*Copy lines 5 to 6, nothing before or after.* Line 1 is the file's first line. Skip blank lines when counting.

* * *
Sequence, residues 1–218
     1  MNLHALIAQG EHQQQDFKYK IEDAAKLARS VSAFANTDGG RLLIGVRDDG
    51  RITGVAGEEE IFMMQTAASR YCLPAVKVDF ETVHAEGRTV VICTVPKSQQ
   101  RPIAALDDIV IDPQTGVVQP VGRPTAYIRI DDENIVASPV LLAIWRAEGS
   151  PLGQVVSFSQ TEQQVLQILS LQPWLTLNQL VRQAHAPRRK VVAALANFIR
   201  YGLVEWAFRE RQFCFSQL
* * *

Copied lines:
   151  PLGQVVSFSQ TEQQVLQILS LQPWLTLNQL VRQAHAPRRK VVAALANFIR
   201  YGLVEWAFRE RQFCFSQL